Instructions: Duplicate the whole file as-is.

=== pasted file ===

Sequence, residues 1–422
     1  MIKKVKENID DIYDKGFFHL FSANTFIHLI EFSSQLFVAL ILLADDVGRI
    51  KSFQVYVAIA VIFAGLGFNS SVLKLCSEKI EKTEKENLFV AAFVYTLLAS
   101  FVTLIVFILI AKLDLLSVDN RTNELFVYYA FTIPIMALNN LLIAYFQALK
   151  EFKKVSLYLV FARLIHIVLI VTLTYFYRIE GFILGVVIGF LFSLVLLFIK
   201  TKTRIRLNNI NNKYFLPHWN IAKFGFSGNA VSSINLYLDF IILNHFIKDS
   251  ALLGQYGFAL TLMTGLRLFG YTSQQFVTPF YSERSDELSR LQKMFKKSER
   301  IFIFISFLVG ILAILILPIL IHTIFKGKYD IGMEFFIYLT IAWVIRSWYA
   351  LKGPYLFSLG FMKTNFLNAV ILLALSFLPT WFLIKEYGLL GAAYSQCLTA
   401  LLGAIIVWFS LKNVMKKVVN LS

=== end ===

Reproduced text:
Sequence, residues 1–422
     1  MIKKVKENID DIYDKGFFHL FSANTFIHLI EFSSQLFVAL ILLADDVGRI
    51  KSFQVYVAIA VIFAGLGFNS SVLKLCSEKI EKTEKENLFV AAFVYTLLAS
   101  FVTLIVFILI AKLDLLSVDN RTNELFVYYA FTIPIMALNN LLIAYFQALK
   151  EFKKVSLYLV FARLIHIVLI VTLTYFYRIE GFILGVVIGF LFSLVLLFIK
   201  TKTRIRLNNI NNKYFLPHWN IAKFGFSGNA VSSINLYLDF IILNHFIKDS
   251  ALLGQYGFAL TLMTGLRLFG YTSQQFVTPF YSERSDELSR LQKMFKKSER
   301  IFIFISFLVG ILAILILPIL IHTIFKGKYD IGMEFFIYLT IAWVIRSWYA
   351  LKGPYLFSLG FMKTNFLNAV ILLALSFLPT WFLIKEYGLL GAAYSQCLTA
   401  LLGAIIVWFS LKNVMKKVVN LS